Preliminary results show significant (P<0.001) declines in organic carbon, nitrogen and structural stability (as measured by wet sieving), but increases in soil strength and acidity of the cropped soils when compared to soils in the virgin (i.e., uncropped) state. The data also showed that soil strength and aggregate stability varied significantly with depth, with soil in the top 2.5 cm having significantly (P<0.001) lower strengths and higher aggregate stabilities than soil in the 2.5-10 cm layer.

The data from the farm monitoring project has so far been analysed using three statistical techniques:

  • a correlation analysis - to remove variables that are highly correlated with each other
  • a stepwise regression - to identify the best set of predictive variables that relate to air dry soil strength
  • a tree regression - to identify the interaction and relationships between variables which are associated with soil strength.

Because farm management variables were overridden by soil variables in the original tree regression analysis, the data was split into two groups and separate analyses were done for each group. Models predicting soil strength using separate tree regressions for farm management variables and soil variables are shown in Figs. I and 2 respectively.

The results in Fig. I show that of the 20 management variables that were measured, the number of cultivations before sowing and the number of crops sown in a row have the greatest effect on soil strength.

The preliminary results show that the amount of coarse sand in the soil accounts for over 50% of the variation in air dry soil strength. In the soils of the study region, coarse sand is highly correlated with the collective amount of fine sand and silt (r=-0.91). Therefore air dry soil strength is also related to the fine sand plus silt content.

Figure 1. Tree regression predicting values of soil strength (kg/cm2) based on management variables.

Figure 2. Tree regression predicting values of soil strength (kg/cm2) based on soil variables.

From the results shown in Fig. 2, it can be seen that the highest soil strength is found when the coarse sand content is less than 15% and organic carbon is less than 1.81%. For soils with less than 30% coarse sand, organic carbon plays a dominant role in controlling soil strength. The significant boundary of 1.81% for a soil's organic carbon level as obtained in this study is higher than the 1% commonly associated with critical organic carbon levels below which soils exhibit structural problems. This highlights the fragile nature of the soils in the study region.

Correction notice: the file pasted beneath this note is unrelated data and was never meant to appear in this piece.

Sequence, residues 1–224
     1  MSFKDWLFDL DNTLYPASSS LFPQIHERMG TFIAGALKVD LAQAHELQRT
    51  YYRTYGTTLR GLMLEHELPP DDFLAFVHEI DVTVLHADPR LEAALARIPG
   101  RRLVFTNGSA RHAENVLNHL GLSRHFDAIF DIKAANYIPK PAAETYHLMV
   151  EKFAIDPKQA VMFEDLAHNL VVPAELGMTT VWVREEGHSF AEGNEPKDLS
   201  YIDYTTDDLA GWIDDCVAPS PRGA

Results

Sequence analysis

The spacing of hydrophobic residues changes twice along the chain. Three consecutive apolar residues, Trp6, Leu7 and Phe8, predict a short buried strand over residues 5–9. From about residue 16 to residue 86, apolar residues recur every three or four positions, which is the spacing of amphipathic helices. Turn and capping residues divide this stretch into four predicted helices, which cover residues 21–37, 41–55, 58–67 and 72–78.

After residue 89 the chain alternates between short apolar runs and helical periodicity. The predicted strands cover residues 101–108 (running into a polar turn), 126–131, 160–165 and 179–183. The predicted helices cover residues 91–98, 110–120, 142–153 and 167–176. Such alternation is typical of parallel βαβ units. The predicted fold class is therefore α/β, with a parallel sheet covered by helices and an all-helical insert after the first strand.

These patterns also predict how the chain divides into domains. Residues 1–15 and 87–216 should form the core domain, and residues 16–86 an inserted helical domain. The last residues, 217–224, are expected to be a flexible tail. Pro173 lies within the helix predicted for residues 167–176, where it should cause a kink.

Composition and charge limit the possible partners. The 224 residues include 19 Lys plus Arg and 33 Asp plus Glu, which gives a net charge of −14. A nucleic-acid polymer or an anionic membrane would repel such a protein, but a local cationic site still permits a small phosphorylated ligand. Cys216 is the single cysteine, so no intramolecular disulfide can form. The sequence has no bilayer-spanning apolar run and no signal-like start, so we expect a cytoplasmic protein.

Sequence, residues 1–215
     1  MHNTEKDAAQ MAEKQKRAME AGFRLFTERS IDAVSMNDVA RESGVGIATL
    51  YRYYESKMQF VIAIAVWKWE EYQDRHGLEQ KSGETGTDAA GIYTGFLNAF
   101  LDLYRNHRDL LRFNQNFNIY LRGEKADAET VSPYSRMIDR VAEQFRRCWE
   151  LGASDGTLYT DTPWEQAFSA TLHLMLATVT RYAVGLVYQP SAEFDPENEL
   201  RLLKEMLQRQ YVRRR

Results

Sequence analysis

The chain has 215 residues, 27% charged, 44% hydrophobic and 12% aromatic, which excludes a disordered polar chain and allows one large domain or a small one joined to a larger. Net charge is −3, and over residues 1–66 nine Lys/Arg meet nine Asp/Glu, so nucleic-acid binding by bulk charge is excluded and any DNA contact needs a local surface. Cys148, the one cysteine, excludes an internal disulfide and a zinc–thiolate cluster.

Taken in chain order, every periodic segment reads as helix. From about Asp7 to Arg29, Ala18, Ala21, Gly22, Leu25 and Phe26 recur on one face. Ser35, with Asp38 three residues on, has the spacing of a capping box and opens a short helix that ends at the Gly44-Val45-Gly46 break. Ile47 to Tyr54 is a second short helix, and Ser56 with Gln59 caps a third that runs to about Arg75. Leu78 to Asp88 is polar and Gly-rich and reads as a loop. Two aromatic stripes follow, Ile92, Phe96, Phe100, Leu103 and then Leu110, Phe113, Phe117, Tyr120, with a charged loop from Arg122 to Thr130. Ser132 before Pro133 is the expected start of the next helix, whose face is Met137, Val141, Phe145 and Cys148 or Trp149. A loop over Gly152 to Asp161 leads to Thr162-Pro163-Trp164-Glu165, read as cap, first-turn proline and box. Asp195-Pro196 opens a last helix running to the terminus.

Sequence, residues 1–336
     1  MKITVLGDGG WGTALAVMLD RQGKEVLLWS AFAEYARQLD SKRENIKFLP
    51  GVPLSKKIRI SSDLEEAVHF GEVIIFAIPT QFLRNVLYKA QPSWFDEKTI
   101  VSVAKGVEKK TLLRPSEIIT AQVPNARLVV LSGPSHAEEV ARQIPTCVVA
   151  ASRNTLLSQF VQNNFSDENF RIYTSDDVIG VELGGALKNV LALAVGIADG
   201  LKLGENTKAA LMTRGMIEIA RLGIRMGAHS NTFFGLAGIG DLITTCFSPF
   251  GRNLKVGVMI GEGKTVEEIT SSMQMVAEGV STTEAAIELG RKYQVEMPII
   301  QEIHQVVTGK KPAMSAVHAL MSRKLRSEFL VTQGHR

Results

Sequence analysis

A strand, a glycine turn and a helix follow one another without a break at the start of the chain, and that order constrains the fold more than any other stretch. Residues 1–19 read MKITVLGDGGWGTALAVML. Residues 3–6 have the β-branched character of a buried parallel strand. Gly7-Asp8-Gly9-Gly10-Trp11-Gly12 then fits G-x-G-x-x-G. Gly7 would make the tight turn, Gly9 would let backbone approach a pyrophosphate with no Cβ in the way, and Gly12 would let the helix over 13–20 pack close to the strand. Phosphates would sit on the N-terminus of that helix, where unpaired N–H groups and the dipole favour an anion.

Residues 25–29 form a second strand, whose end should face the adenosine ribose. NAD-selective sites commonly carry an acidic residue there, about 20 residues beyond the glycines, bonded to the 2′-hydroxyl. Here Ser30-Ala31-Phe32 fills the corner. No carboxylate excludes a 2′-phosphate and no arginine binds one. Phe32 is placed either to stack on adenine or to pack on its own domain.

Data from this project (Table I and Fig. 2) supports the results of previous research, that if certain textural criteria are satisfied (i.e., critical limits of coarse sand, fine sand and silt), the soil will have the potential to develop high strength (2,4,5,6,7,8.11) and farm management. through its influence on organic carbon, then plays an important role.


Many thanks to Mr. Gavin Melville for the statistical analyses, to Mr. Warren Smith for assistance in the field and to the National Soil Conservation Program for funding this research.


1. Clarke, A.L. and Russell. J.S. 1977. Aust. J. Soil Res. 5:59-68

2. Gusli, S. 1989. Structural collapse and strength of some Australian soils in relation to hardsetting behaviour. M.Sc. thesis, U.N.E., Armidale.

3. Jarvis, R.J., Hamblin, A.P. and Delroy N.D. 1986. W.A. Dept. Agric. Tech. Bull. No. 7

4. Ley. G.J., Mullins, C.E. and Lal. R. 1989. Soil and Tillage Research 13:365-381.

5. Mead. J.A. and Chan, K.Y. 1988. Aust. J. Exp. Agric. 28:491-498.

6. McGarity J.W. 1975. In: Australian Field Crops. (Eds A. Lazenby and E. M. Matheson) (Angus and Robertso9n: Sydney). pp. 227 - 255.

7. Mullins, C.E., Young, I.M.. Bengough, A.G. and Ley G.J. 1987. Soil Use and Management 3:7983

8. Mullins, C.E., MacLeod, D.A., Northcote, K.H., Tisdal,l J.M. and Young, I.M. 1990. Advances in Soil Science 11:37-108.

9. Northcote. K.H., Hubble. G.D., Isbell, R.F.. Thompson, C.H., and Bettany. E. 1975. A Description of Australian Soils. CSIRO, Australia.

10. Shelly, E. 1990. Degradation of Marginal Cropping Lands. SCS Report No. 24.

11. Tisdall. J.M. and Oades, J.M. 1980. Aust. J. Soil Res. 18:415-422.

12. Wegener. P.F.. McDowall. C.J. and Frensham. A.B. 1989. S.A. Dept Agric Tech. Paper No. 23.

Previous PageTop Of PageNext Page